- Grant proposal development: Develop a proposal for clinical/translational research suitable for submission to the National Institutes of Health or research foundation.
- Interdisciplinary collaboration: Demonstrate knowledge of team science. Develop skills for collaboration with research methodologists, including biostatisticians.
- Project oversight and management: Demonstrate skills to implement a research project, including hiring of appropriate team members, developing and managing budget, overseeing project, ethics approvals, and regulatory reviews.
- Oral and written presentation: Effectively present research findings orally to peers, lay persons, and the media. Write clearly and succinctly for scientific publication and research proposals.
- Professional development: Demonstrate knowledge of the academic research environment, sources of research support, and professional advancement. Demonstrate the use of strategies to improve professional effectiveness, such as time management, leadership, and management skills.
Duration and sequence of training
The training includes an initial year of clinical GI training. Fellows are appointed to the T32 in their second year. During the summer semester, fellows are introduced to the research, educational and clinical opportunities available at UNC through a series of seminars from training grant faculty geared to this purpose. They meet with their academic advisor to choose specific course work for the coming academic year. They attend research presentations by the training faculty at the weekly Digestive Disease Epidemiology Conference and meet with training faculty to explore mutual interests and to identify a research project. Trainees begin courses in biostatistics and epidemiologic methods during the fall semester of the second year. Course work and seminars continue in the spring semester of the second year. During the third year the trainees complete the remainder of the courses required to satisfy the MSCR degree. In addition to the required courses, fellows select advanced courses or tutorials pertinent to their research. During the spring semester of the 3rd year, trainees complete additional clinical training so that they are board-eligible at the end of the year based on ACGME requirements. During the spring semester they complete their master’s thesis and final coursework so that they can graduate in May.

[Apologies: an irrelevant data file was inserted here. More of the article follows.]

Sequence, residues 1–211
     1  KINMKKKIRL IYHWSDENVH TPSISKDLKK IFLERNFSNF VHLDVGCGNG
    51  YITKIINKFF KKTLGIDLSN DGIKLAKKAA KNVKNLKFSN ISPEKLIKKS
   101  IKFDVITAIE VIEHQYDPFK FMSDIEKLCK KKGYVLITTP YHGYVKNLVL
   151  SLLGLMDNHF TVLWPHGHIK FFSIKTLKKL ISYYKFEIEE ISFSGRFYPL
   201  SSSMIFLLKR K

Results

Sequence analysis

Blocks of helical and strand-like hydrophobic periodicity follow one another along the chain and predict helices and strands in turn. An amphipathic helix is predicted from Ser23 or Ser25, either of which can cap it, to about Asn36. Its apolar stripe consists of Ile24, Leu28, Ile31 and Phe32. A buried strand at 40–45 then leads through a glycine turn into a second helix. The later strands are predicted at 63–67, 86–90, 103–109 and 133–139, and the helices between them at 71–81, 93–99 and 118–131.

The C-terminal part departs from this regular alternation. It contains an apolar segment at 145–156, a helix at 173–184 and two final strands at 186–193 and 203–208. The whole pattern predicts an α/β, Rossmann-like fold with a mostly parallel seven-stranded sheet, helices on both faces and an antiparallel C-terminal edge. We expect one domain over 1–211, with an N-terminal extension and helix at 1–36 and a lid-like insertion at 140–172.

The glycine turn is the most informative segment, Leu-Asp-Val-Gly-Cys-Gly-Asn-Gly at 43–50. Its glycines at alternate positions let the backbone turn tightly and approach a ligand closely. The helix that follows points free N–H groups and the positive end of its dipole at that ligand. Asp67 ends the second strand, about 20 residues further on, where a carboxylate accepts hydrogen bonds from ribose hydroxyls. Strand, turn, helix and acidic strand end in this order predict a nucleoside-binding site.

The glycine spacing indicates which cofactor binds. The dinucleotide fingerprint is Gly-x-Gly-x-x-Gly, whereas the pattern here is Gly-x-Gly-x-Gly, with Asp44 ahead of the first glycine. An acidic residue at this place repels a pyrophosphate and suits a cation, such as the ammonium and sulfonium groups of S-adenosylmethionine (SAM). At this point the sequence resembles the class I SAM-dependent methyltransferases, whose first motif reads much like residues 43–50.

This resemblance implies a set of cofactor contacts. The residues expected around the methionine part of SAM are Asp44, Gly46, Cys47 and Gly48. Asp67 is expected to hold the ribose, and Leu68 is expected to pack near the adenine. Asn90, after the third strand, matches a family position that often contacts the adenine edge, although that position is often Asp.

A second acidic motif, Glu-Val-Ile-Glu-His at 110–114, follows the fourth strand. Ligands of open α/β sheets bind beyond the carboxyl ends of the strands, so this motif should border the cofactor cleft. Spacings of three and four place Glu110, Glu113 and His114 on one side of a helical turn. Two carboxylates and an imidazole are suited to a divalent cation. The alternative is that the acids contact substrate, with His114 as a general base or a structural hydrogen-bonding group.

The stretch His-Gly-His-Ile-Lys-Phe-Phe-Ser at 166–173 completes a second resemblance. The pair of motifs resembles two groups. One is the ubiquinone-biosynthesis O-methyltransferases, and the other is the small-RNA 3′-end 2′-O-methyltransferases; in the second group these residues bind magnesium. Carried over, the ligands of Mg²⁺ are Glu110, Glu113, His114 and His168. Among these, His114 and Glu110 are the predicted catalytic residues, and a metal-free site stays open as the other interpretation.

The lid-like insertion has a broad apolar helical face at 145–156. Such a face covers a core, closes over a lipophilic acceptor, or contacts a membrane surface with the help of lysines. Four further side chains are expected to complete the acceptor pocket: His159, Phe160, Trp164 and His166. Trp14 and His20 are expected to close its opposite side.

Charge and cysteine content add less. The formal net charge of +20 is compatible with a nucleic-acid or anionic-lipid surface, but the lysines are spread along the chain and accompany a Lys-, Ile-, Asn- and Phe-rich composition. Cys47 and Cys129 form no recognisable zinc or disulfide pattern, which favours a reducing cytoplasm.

The fourth year is a ‘flex’ year where fellows participate in research and write papers, as well as have the opportunity to obtain advanced clinical training. Past trainees have completed advanced clinical training in liver transplant, IBD, obesity, preventive medicine, and esophageal diseases.
Stipends, Insurance, Tuition, Fees, Travel, Research Expenses
The training program is funded by an Institutional National Research Service Award from the NIH. Stipends from the NIH, based on the number of years since graduation from medical school are supplemented by the GI Division so that all fellows are paid at the rate established by ACGME.
Trainees are provided with approximately $11,950 per year in research funds to cover cost of health insurance, malpractice insurance (only if the nature of the research training requires such special insurance), training-related supplies, and professional memberships. Trainees are provided with office space equipped with a personal computer and printer. Trainees are provided $1,000 in travel funds to cover cost of one national meeting per year often supplemented by additional funds from the GI Division.
The training grant pays tuition and fees in the School of Public Health.
As part of the general MD fellowship program through the Match, our epidemiology track is equivalent to the ‘clinical outcomes’ option.